Moore yanked the original open differential and installed the new Auburn. In our case, for
There are only a couple of companies that offer a limited-slip differential for the Olds 8
Moore also saved the TH400 out of the Olds Delta 88, and his pal Steve Bunch resurrected it with new clutches, a TransGo shift kit, and a simple spring change to increase the line pressure at wide-open throttle (WOT). Trans guru John Kilgore also encouraged us to include the electric kick-down switch that supplies 12 volts to the trans at WOT, which increases line pressure to firm up the shifts. This is a common error on TH400 trans swaps that can eventually lead to burned high-gear drum clutches.
For the rearend, Moore decided to stick with the original 8.2-inch rear-axle assembly, and later, we popped for a new Auburn limited slip from Moser while retaining the stock 3.36 rear gears. Of course, as soon as the new Auburn arrived, Moore ran across a used posi at the swap meet for $100, so our timing was weak on that one. But the good news is we now have power to both rear tires.
Olds 8.2 axles are retained by a four-bolt flange instead of the more common C-clip used in other GM 10- and 12-bolt rearends. The information we gleaned from the 442.com Web site indicates the axle bearings are also suspect. Ours were in surprisingly good shape and did not need replacing. The big limitation on the Olds 8.2 10-bolt isn't really the gears as much as it is the 28-spline axles, which are not close to being strong enough if we ever hook all the 455's torque to the track with sticky tires. Eventually, we will need a 12-bolt to add durability. But for now, consider this a 10-bolt durability test.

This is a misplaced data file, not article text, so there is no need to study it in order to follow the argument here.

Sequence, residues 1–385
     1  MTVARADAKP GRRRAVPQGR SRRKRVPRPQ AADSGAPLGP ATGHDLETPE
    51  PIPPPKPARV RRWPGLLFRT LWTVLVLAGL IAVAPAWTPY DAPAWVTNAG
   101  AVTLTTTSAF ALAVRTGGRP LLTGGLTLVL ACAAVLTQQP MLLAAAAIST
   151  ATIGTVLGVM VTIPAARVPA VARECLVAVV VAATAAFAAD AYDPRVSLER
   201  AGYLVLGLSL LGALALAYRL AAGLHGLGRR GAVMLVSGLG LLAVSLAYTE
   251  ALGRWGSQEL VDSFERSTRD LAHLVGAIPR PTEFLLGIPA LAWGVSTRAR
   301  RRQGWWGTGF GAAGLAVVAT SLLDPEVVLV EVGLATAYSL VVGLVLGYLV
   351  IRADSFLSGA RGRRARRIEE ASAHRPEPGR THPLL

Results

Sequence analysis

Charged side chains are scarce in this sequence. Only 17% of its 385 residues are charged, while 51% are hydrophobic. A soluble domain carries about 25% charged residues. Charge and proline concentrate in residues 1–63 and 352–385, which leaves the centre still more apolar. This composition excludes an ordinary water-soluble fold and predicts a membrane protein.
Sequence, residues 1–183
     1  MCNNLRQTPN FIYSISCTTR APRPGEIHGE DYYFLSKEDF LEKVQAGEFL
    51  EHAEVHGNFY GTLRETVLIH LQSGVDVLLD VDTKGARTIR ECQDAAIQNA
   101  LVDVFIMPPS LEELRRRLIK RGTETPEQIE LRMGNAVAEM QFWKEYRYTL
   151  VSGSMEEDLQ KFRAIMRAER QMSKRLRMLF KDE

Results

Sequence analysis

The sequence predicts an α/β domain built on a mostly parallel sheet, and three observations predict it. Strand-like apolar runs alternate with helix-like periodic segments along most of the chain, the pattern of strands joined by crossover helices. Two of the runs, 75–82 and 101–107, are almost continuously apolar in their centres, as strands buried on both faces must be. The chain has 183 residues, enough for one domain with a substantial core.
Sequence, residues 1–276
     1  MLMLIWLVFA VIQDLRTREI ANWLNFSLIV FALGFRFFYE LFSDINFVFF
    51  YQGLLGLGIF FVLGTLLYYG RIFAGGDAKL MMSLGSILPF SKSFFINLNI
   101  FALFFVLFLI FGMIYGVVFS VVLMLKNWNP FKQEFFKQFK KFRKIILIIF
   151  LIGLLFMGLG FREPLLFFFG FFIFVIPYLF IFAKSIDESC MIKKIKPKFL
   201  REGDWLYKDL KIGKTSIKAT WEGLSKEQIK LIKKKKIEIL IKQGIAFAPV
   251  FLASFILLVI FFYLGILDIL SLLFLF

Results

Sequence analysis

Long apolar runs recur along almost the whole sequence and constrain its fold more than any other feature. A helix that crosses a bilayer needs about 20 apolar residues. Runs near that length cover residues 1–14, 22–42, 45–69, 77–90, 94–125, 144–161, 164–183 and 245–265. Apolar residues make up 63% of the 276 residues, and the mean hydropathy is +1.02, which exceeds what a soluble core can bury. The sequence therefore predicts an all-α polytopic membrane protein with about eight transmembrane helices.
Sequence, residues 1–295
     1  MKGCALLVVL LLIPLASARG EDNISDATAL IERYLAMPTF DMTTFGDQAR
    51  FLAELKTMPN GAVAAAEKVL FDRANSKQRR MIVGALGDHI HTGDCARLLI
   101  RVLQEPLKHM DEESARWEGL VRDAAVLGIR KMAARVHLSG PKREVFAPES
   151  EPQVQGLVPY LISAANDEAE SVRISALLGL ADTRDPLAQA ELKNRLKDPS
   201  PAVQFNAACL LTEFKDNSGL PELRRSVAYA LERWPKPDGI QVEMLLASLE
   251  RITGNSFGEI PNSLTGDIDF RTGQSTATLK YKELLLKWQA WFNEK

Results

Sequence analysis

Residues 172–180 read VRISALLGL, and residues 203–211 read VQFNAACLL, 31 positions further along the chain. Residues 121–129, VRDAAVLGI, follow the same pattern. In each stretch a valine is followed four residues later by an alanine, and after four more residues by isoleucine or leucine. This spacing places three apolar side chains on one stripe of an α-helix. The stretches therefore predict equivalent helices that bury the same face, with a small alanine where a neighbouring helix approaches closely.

This is the final assembly, all torqued in place and ready to rumble. The discs require a
After enlarging the spindle-mount bolt holes in the Olds steering arms, we torqued the spi
A common swap with these early A-bodies is to dump the rather puny 911/42-inch front drum brakes in favor of '68-'72 Chevelle disc brakes. While we considered searching for a set of used disc-brake spindles and then piecing together rebuilt calipers with used or new rotors, we made the swap much easier and went for a completely assembled disc-brake conversion kit from Original Parts Group. The kit comes with the spindles already loaded with packed bearings, new seals, new rotors, and new calipers with pads. The package also comes with new flexible brake hoses, spindle nuts, and dust caps. The only change was to swap on our Olds steering arms. This required us to drill the original 71/416-inch attaching bolt holes to the newer 11/42-inch disc-brake spindle size. This beats the hell out of chasing down those little parts all over town, and the price difference was minimal.
We also replaced the stock single-reservoir master cylinder with an orphan '70 Chevelle master we had in the garage. All we had left to do was to plumb the Wilwood adjustable-brake proportioning valve into the rear brake line and the brakes were complete. This is where we learned a valuable lesson. In an attempt to make the brake lines easier to make, we plumbed the rear brakes into the front master cylinder outlet. At the time, we didn't think this mattered, despite knowing all GM cars are designed to actuate the front brakes with the forward-most portion of the master cylinder-designated the primary piston. We immediately ran into a problem where the master would not make pressure. We tried all sorts of solutions until our pals at Stainless Steel Brakes told us to switch the master cylinder outlets so the rear reservoir actuated the rear brakes. As soon as we did this and bled the system, we had instant pressure and solid brakes. We'd rather not admit how much time we spent trying to figure it out.